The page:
Thursday, 30 October 2014

Constitutional Crisis

Many concerns have been raised recently about the lack of news from Nilkawt.  There have even been some suggestions that the Nilkawtians are currently experiencing a constitutional crisis.

This digital embassy is open, mainly because the Nilkawtian head of state, Her Illustrious Highness the Ethereal Grand Duchess, Twaklin I, is currently in exile in this vicinity.  The judicial system of Nilkawt has collapsed, quite literally.

In view of this, before leaving the royal palace in Twaklinton, Her Illustrious Highness declared a state of emergency, as is her constitutional prerogative.  All states of emergency in Nilkawt usually amount to the same thing as an ad hoc public holiday.  Most members of the Nilkawtian public are, therefore, quite pleased about the current situation.

The facts of the matter are clear.  None of the judges of the Nilkawtian Hike Kawt Court of the Caught completed the necessary course of conduct as tradition prescribes, thereby deeming them unfit for office.  This was mainly due to the fact that the judges of the court had all been too busy in recent years, reading legislative documents and government reports in order to uphold the constitution.  They had therefore been unable to schedule enough time for physical training.

It has also reached the notice of the government of Nilkawt, as well as the Nilkawtian parliament/public, that all the judges of the Hike Kawt Court of the Caught had been prescribed medications for conditions incompatible with athletic exertions.  In view of this, once recovered enough to travel, the judges were all sent off to Adelaide last Saturday for an evening presentation of judicial evidence.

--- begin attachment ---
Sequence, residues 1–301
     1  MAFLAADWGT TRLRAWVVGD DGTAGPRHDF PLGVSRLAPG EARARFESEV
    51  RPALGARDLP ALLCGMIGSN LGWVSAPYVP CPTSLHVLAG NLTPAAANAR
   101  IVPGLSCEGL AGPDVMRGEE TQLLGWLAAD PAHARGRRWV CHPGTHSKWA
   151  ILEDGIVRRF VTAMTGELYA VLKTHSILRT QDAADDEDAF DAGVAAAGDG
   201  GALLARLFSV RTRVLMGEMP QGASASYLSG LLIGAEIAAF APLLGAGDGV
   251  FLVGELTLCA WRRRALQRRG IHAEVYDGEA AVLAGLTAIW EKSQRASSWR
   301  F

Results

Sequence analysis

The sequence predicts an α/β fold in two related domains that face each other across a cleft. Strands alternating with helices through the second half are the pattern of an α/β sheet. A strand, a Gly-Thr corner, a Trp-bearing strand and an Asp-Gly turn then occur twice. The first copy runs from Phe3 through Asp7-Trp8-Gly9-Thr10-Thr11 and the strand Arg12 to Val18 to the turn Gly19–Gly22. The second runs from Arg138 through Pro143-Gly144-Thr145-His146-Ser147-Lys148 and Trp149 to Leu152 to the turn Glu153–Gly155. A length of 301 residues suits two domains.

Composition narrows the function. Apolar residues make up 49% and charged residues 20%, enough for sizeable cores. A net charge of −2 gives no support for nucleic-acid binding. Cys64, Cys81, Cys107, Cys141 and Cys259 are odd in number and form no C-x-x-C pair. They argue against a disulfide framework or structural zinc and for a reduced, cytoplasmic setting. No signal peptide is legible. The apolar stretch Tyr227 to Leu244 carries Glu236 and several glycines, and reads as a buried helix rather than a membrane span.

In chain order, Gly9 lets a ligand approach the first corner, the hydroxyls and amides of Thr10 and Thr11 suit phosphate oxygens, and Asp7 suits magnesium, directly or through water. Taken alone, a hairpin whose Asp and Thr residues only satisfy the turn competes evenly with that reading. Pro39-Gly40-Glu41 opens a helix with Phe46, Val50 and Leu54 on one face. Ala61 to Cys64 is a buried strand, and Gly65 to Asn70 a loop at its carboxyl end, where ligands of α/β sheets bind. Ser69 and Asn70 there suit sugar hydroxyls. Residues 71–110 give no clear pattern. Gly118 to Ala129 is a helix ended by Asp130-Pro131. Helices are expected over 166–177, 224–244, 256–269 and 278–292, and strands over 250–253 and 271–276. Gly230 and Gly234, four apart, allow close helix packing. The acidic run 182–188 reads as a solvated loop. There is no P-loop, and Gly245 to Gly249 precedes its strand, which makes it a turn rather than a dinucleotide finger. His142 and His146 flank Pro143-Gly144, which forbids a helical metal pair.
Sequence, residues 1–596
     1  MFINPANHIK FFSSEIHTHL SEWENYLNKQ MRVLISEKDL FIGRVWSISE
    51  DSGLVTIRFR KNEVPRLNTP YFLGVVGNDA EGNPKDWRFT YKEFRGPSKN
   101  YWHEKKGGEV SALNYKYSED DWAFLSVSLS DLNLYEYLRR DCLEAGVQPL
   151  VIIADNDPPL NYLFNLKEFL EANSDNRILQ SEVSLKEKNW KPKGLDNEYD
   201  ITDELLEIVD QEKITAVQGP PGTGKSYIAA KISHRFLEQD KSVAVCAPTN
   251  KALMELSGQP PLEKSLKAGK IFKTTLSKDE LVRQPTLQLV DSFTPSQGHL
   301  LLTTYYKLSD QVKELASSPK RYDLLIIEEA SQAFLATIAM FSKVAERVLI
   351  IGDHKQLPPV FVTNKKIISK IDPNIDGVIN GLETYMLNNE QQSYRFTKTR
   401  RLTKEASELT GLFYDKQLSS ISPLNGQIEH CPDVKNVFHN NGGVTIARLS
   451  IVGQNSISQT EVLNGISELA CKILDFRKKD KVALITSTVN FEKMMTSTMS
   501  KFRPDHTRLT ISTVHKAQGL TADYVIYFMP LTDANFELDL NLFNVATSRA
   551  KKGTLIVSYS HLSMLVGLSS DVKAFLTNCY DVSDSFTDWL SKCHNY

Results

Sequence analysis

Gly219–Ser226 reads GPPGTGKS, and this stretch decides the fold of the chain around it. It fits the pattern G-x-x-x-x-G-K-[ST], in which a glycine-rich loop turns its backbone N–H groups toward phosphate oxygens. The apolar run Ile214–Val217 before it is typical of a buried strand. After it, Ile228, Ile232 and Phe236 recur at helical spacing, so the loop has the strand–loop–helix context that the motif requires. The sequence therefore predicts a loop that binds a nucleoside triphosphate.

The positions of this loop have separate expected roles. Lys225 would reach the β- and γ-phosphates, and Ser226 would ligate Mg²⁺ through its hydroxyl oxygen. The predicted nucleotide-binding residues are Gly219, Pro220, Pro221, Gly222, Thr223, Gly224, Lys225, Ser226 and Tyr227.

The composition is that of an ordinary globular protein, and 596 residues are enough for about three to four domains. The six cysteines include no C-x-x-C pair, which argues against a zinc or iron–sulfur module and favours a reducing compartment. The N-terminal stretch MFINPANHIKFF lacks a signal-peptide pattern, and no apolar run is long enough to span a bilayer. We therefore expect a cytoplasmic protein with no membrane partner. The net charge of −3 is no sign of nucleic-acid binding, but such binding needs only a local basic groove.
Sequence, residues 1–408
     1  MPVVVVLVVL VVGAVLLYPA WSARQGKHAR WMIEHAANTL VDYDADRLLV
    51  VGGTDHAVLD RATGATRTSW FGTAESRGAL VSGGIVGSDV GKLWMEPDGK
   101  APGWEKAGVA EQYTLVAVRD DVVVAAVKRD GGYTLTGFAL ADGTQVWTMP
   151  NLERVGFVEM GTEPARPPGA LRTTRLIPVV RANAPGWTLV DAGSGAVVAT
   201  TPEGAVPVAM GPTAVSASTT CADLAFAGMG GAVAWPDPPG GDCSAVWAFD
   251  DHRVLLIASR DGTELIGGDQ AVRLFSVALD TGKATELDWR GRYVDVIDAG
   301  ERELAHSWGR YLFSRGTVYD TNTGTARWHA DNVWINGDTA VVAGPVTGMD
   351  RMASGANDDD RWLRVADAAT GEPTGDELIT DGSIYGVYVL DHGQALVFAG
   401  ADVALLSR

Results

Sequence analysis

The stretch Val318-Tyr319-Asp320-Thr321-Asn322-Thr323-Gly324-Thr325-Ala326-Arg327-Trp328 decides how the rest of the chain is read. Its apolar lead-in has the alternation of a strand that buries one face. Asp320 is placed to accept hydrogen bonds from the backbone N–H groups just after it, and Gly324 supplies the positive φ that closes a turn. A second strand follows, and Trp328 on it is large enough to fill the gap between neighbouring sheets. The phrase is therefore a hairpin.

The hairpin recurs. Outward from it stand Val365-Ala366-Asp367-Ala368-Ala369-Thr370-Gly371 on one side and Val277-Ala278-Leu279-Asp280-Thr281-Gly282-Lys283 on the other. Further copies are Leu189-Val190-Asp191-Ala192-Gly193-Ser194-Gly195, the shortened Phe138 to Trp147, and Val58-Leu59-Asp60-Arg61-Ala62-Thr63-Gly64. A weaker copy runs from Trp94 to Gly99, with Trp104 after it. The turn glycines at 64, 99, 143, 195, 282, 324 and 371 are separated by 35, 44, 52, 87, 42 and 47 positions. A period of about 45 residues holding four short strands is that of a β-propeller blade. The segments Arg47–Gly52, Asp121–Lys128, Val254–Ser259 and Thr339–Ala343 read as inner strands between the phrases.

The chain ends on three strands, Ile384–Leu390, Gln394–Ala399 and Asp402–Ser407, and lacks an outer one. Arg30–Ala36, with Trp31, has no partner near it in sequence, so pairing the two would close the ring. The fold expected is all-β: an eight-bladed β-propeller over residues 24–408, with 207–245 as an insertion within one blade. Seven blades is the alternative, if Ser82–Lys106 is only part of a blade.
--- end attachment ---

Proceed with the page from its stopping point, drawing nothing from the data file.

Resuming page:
The Nilkawtian head of state is in the process of setting up a government in exile here in Adelaide.  She has the keys to all the government offices and official filing cabinets of Nilkawt in her possession, as well as the keys to the voting machine, the spare keys to the royal palace and all the key documents from the Hike Kawt building itself.

There have been no signs of civil unrest in Nilkawt, except for a few tourists who are unhappy that their tours of the royal palace have been cancelled.  Throughout history, foreigners have often been considered to be far more dangerous than locals when legal systems collapse.